Last night Jon Rafman held a lecture to inaugurate the second season of Palais de Tokyo’s “Imagine the Imaginary” exhibition. The Canadian artist, mostly known for his 9 eyes project, which utilizes the robotic eyes of Google Street View, has been an active artist on Second Life for the past five years, documenting his virtual peregrinations with movies like Kool-Aid man in Second Life.
For this exhibition, he made the video Remember Carthage (above), directed in collaboration with 3D animator Rosa Aiello. It continues his quest for the sublime in new landscapes, those of Second Life and of the video game Uncharted 3. It relays the story of a man looking for an abandoned hotel in the middle of the Sahara desert, and draws the viewer into the remains of the legendary city of Carthage while dealing with “the impact of a post-internet world on notions of national identity, physical traces of the past, and the issue of decline and nostalgia.”
We spoke with Rafman and Aiello about their collaborative work, the foreign nature of the past, and the importance of documenting virtual worlds.
The Creators Project: Can you please introduce your project for those who haven’t seen it yet?
Rosa Aiello: I like to describe it as a modern day experience of the uncanny, like a renewal of that trope with modern technology. We wanted to deal with the unconscious and this strange feeling you might have in real life, which is perfectly depicted in video games—seeing the same thing several times. It’s a very literary and overused idea of repetition, but with a new twist.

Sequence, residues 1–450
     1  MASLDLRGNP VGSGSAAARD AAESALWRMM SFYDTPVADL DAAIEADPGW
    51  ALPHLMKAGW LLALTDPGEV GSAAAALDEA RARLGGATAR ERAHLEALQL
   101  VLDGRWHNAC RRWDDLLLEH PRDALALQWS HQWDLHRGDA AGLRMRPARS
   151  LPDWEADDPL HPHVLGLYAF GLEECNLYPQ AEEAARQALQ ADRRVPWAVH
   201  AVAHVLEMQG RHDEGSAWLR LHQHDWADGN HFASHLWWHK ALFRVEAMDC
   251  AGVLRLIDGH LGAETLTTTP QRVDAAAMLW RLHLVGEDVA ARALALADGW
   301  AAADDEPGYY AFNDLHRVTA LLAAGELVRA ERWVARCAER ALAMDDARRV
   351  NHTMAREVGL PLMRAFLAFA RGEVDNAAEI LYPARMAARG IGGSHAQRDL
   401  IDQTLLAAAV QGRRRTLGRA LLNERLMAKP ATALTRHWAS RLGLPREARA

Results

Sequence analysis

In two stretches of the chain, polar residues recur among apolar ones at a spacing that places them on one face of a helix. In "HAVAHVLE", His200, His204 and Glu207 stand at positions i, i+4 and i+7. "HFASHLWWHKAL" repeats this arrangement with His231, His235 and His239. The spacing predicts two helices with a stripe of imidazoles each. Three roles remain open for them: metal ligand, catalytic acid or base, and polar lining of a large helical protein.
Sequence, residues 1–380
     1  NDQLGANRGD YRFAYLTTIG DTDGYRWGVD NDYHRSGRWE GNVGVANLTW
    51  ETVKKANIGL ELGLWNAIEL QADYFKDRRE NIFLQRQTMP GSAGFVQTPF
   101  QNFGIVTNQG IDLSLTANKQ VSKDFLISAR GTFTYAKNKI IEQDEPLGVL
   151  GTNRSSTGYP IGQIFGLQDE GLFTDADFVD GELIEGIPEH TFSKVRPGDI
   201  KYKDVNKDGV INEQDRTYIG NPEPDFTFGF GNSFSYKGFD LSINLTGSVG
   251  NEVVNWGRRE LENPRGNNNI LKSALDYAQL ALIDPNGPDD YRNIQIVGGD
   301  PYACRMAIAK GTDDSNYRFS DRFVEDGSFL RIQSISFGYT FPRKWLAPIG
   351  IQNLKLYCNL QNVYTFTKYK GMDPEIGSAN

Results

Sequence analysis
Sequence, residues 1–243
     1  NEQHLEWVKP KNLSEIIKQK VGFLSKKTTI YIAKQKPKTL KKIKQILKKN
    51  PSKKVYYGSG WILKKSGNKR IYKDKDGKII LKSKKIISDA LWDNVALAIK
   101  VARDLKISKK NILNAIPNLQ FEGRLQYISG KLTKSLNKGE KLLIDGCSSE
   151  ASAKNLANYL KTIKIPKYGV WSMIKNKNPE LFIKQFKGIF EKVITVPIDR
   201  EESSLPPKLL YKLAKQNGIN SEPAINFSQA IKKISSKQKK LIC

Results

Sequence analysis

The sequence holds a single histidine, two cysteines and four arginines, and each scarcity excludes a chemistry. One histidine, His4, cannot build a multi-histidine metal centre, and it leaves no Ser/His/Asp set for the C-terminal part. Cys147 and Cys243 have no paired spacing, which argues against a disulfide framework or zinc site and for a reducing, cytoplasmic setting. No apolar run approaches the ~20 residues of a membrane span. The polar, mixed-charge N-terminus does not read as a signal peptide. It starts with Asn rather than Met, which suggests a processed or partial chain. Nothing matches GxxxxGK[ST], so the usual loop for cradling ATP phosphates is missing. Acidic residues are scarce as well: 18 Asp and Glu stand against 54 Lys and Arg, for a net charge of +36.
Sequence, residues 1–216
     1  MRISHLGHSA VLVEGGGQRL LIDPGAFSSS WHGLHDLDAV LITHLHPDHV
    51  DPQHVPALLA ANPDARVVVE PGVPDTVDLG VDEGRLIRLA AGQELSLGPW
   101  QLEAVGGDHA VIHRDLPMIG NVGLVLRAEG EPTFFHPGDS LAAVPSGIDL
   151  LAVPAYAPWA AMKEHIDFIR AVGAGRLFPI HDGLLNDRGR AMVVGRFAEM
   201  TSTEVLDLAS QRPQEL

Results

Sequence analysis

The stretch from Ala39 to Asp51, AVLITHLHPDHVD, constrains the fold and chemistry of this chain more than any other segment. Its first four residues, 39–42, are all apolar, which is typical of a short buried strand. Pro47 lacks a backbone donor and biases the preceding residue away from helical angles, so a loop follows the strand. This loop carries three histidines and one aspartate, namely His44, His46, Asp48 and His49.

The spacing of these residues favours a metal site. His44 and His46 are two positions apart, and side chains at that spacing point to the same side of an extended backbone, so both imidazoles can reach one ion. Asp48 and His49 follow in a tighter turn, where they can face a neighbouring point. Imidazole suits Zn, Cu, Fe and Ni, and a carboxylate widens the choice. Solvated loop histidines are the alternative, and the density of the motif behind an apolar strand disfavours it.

Jon Rafman: We came to this work through a process. At first, we wanted history to be the main subject of the movie, with a cyclic narrative—a little bit in the same way you surf through Wikipedia articles. While we were continually writing the scenario together, we arrived at this point in a pretty organic way. When looking very carefully at video games and virtual spaces, you notice several repetitions, looped movements, and the form of the footage really dictated the form the film took.
Aiello: It may have to do with the way video games are developed. Sometimes, your character is meant to be running, because he’s being chased or whatever, and you run through these spaces rather than look closely at them. Developers can easily repeat things without you noticing. We wanted to look at those aspects that people may not pay attention to.
What’s your opinion on the fact that the Palais de Tokyo chose to also exhibit your work in a physical space? Do you prefer the virtual platform?
Rafman: I like to put all of my films online because I don’t like the fact that so many art films are inaccessible, and that you can only watch them if you happen to be at the screening. For me the online aspect is not so much necessary, it’s just a great way to distribute the work. I think it would be best seen in a theater but I want it to be as accessible as possible. I didn’t think of it as an internet piece, I was thinking about film and literature, and majors works from artists like Chris Marker or W.G. Sebald.
Aiello: It didn’t ended up being something particularly historical in the end, but one of our first impulses was to make a certain part of history relevant again through artistic forms.
Don’t you think that if we simplify history through the prism of modern technologies, future generations might have a false image of what was really going on?